Right to Smile Hero Image

The Right to Smile Consensus Statement

It is well recognised that people experiencing severe mental ill health can have their lives restricted and shortened by conditions such as diabetes and heart disease. However, less recognised is that they also experience serious inequalities in oral health, with high rates of tooth decay, gum disease and tooth loss. This can affect functions as basic as eating and speaking. It can damage a person’s confidence and self-esteem. It can interfere with relationships or keeping a job. Poor oral health is also linked to other health conditions like diabetes and heart disease.

The Right to Smile consensus suggests that tackling this inequality is overdue and deserves urgent attention from services, researchers, and policymakers. Poor oral health should not be an inevitable consequence of experiencing severe mental ill health.

The impetus for the consensus statement arose from an oral health group established by the Closing the Gap Network, a UKRI funded initiative to develop a mental health network exploring ways to reduce the health gap faced by people experiencing severe mental ill health. Our Oral Health Group comprises people with lived experience, carers, mental health practitioners, dental professionals, researchers, and policy makers.

The Right to Smile consensus statement sets out a number of five year targets to improve the oral health of people with severe mental ill health.

Download the Consensus Statement

We would encourage you to download The Right to Smile Consensus Statement in PDF format, using the following link.

Oral Health Consensus Statement

Consensus Statement Cover showing a cartoon smiley face

References

  1. Yang, M., Chen, P., H,e M.X., Lu, M., Wang, H.M., Soares, J.C. & Zhang, X.Y. Poor oral health in patients with schizophrenia: A systematic review and meta-analysis. Schizophrenia Res. 2018; 201: 3-9.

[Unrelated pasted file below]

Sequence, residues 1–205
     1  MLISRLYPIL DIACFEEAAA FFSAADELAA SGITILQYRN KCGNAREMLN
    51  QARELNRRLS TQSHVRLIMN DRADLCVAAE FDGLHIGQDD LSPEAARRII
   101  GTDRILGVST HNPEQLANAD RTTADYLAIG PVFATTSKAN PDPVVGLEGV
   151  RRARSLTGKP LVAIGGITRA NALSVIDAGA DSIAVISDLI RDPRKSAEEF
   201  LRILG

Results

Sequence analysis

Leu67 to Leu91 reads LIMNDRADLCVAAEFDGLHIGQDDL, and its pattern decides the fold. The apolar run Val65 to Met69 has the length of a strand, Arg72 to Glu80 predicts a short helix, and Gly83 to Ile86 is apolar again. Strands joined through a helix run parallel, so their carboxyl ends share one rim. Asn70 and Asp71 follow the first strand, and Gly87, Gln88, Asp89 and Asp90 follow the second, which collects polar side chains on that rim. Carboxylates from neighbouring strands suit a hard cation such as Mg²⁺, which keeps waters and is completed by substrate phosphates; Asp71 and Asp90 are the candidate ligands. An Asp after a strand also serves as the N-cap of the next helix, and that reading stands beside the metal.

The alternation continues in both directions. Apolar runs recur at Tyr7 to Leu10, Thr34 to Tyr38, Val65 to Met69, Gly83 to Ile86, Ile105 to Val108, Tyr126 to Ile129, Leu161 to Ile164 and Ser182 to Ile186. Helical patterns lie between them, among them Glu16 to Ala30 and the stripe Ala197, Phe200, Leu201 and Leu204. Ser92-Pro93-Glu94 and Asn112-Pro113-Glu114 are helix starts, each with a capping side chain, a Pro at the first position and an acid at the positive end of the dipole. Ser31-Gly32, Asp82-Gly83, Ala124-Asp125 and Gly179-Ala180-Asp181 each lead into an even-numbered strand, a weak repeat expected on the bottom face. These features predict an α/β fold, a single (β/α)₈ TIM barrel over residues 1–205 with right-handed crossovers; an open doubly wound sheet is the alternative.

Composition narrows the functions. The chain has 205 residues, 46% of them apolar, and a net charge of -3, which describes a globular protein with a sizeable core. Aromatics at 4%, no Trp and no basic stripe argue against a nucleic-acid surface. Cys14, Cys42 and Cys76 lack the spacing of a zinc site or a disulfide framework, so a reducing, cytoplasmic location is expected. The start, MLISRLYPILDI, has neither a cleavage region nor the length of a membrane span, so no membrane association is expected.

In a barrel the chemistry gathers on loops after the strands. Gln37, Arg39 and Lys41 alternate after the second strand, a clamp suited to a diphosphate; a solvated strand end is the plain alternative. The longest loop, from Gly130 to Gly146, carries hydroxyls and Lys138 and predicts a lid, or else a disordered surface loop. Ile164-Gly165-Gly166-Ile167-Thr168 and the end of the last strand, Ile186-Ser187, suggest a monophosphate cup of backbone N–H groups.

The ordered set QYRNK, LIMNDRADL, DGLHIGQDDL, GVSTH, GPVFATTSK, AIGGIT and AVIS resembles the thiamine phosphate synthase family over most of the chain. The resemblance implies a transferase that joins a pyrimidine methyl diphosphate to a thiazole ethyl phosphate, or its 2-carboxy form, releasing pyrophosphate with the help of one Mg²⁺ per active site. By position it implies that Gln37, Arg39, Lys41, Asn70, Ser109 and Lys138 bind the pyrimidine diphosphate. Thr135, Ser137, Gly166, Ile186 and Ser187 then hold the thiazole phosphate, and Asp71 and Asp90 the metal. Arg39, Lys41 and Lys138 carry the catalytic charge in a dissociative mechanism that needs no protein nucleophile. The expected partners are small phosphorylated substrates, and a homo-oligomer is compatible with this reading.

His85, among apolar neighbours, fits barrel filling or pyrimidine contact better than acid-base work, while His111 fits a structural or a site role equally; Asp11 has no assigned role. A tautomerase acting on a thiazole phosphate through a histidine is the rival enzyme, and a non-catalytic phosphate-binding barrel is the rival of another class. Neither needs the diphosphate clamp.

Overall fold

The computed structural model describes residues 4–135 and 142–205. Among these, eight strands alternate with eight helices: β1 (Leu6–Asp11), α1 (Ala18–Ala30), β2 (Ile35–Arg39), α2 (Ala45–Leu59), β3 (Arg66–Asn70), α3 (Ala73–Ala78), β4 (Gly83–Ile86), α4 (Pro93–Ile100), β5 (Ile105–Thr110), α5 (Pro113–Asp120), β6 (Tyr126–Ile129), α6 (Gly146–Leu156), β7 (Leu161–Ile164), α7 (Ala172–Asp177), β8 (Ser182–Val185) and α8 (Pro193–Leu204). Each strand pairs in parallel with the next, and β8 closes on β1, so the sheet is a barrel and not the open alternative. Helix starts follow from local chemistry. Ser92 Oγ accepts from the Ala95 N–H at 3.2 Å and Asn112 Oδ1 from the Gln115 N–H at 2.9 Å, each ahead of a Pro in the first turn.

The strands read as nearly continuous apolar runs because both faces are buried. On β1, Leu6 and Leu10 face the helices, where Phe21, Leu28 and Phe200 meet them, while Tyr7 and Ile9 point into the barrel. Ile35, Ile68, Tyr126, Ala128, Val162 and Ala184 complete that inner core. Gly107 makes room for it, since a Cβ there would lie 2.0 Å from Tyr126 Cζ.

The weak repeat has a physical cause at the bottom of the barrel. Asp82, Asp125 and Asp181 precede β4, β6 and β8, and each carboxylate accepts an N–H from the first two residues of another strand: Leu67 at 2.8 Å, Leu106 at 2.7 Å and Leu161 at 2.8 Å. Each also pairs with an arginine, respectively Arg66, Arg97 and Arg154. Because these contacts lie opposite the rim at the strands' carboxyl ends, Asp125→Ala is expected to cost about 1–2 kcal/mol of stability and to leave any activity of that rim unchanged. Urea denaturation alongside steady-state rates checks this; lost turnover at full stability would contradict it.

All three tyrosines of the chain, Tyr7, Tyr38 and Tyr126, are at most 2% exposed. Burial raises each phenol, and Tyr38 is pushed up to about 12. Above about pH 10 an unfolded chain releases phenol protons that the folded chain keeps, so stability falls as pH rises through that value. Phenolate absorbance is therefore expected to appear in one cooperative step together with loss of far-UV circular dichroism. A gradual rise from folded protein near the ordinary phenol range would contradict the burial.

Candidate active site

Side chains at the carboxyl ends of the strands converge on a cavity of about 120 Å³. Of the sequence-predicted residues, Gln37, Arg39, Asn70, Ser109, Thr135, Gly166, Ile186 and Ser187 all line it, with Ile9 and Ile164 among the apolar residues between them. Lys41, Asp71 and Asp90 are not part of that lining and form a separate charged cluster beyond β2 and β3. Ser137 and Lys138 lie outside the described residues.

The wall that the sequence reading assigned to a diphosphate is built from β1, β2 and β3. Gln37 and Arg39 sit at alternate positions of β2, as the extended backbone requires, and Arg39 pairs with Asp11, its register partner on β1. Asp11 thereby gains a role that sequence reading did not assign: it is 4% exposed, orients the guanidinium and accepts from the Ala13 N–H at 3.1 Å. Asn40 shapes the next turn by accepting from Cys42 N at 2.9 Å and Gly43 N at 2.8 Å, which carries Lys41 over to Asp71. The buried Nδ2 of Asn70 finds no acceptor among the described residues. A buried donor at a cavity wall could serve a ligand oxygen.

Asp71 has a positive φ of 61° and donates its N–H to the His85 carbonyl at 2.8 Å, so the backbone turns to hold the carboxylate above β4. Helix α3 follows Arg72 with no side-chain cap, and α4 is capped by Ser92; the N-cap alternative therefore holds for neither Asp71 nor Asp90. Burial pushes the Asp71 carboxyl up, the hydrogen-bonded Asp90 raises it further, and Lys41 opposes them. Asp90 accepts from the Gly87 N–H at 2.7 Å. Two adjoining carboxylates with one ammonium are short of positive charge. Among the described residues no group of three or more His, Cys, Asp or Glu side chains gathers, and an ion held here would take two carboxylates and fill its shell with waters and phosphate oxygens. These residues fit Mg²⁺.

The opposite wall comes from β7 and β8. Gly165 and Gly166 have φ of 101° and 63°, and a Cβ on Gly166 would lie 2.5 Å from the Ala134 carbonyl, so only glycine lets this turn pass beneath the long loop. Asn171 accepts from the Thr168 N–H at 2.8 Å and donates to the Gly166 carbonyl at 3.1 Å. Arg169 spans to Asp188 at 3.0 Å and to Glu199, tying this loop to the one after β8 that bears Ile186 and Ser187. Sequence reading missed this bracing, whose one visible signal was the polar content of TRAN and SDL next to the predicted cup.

2. Kang, J. Wu, J., Aggarwal, V., Shiers, D., Doran, T. & Palmier-Claus, J. E. Oral health and severe mental illness: Analysis NHANES 1999-2016. Submitted.
  3. Kisely, S., Baghaie, H., Lalloo, R., Siskind, D., Johnson, N.W. A Systematic Review and Meta-Analysis of the Association Between Poor Oral Health and Severe Mental Illness. Psychosom Med. 2015; 77(1): 83–92.
  4. Kang, J., Palmier-Claus, J.E., Wu, J., Shiers, D., Levin, H., Doran, T. & Aggarwal, V. Determinants of Periodontal Disease in Adults with Psychosis - results from the UK Biobank Population-based Study. Submitted.
  5. Jayatilleke, N., Hayes, R.D., Chang, C.K., Stewart, R. Acute general hospital admissions in people with serious mental illness. Psychol Med. 2018; 48(16): 2676-2683
  6. Turner, E., Berry, K., Aggarwal, V.R., Quinlivan, L., Villanueva, T., Palmier-Claus, J. Oral health self-care behaviours in serious mental illness: A systematic review and meta-analysis. Acta Psychiatr Scand. 2021; published online.
  7. Macnamara, A., Mishu, M.P., Faisal, M.R., Islam, M., Peckham, E. (2021) Improving oral health in people with severe mental illness (SMI): A systematic review. PLoS ONE 16(12): e0260766. https://doi.org/10.1371/journal.pone.0260766)